4 Min Read
BAGHDAD (Reuters) - Islamic State fighters have stepped up counterattacks on Iraqi forces in Mosul amid bad weather as the U.S.-backed offensive to capture their last major city stronghold in Iraq enters its third month.
With cloudy skies hampering coalition air surveillance, the militants carried out attacks in three districts of eastern Mosul, al-Quds, Ta'mim and al-Nur, over the past four days, residents and security officials said on Friday.
"We heard clashes and explosions and then somebody shouting on the loudspeaker of the mosque 'Allahu Akbar, Allahu Akbar, the Islamic State is staying'," said a Ta'mim resident.
The campaign that started on Oct. 17 has turned into the biggest battle in Iraq since the U.S.-led invasion that toppled Saddam Hussein in 2003.
The humanitarian situation of the besieged population is causing alarm amid reports of food, water and fuel shortages, while the fighting is making access to hospitals difficult.
Nearly 100,000 people have fled the city, according to the International Organization for Migration.
More than 100,000 Iraqi soldiers, Kurdish fighters and Iranian-backed Shi'ite volunteers are taking part in the offensive. The latter are attacking the militants supply lines in a remote and semi-desert area west of Mosul to avoid fanning sectarian tensions with the city's Sunni population.
The Iraqi military estimate the number of militants in the city at 5,000 to 6,000. They are dug in amid the city's remaining population of about one million, moving through tunnels and using suicide car bombs, sharpshooters and mortar fire to slow the advance of the Iraqi forces.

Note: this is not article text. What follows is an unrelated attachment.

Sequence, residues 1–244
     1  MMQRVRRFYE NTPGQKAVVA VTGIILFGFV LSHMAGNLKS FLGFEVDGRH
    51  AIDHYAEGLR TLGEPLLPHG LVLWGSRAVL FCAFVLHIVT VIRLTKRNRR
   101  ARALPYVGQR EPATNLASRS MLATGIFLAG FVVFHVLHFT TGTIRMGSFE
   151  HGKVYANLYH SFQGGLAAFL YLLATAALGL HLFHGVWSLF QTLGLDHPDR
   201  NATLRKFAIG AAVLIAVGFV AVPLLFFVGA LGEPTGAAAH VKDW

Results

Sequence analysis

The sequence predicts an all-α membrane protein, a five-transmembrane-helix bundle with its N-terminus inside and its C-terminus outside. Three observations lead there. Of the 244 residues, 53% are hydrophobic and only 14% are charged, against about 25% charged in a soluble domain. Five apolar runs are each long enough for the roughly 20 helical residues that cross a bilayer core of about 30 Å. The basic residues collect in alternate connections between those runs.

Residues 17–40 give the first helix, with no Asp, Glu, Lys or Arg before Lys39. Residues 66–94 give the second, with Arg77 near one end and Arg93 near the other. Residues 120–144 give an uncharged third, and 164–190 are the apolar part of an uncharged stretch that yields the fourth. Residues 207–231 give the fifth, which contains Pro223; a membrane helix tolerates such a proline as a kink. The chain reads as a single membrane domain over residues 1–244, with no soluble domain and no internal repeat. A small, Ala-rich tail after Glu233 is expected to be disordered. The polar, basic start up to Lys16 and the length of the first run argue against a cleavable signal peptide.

A mainly western coalition is providing air and ground support to the offensive, led by the U.S. with more than 5,000 troops deployed in Iraq.
The fall of Mosul would mark the defeat of the ultra-hardline Sunni group in the Iraqi half of the caliphate that also extends over parts of Syria.
The city is by far the largest seized when they overran about a third of Iraq in 2014 and is the place where their leader, Abu Bakr al-Baghdadi, declared his theocratic dictatorship.
At the current pace of advance, the offensive is likely to extend into next year, beyond the initial forecast of Prime Minister Haider al-Abadi who pledged to take the city in 2016.
The U.S-trained Counter Terrorism Service, which is spearheading the fighting inside the city, has so far taken about half of its eastern side. Mosul is divided in two parts by the Tigris River that runs through its centre.
Four of the city's five bridges have been destroyed to hamper the movement of the militants and their ability to bring car bombs and weapons from the western side. The fifth was also hit, but only at its edges, only allowing pedestrians to cross.
Iraqi forces are holding off using field artillery and air bombardments to avoid civilian casualties, hoping to wear down the militants' resistance, depleting their numbers and their stock of car-bombs, two analysts in Baghdad said.
"It is a matter of time before Daesh are defeated inside Mosul," said Ihsan al-Shammari, who heads the Iraqi Centre for Political Thought think-tank. "Their ammunition and equipment are being depleted."
The Iraqi government also hopes that internal uprisings would break out against the militants, facilitating the advance of the army. These haven't happened so far because Islamic State, in the first days of the offensive, killed and detained hundred of ex-members of the security forces it deemed hostile to its harsh rule.
No estimate for civilian casualties has been given by the warring sides. The United Nations last month said the fighting in eastern Mosul was overwhelming the capacity of the government and international aid groups.
The United Nations earlier this month said nearly 2,000 members of the Iraqi security forces were killed across Iraq in November, a figure Iraq denied without indicating the losses among its troops.
Editing by Tom Heneghan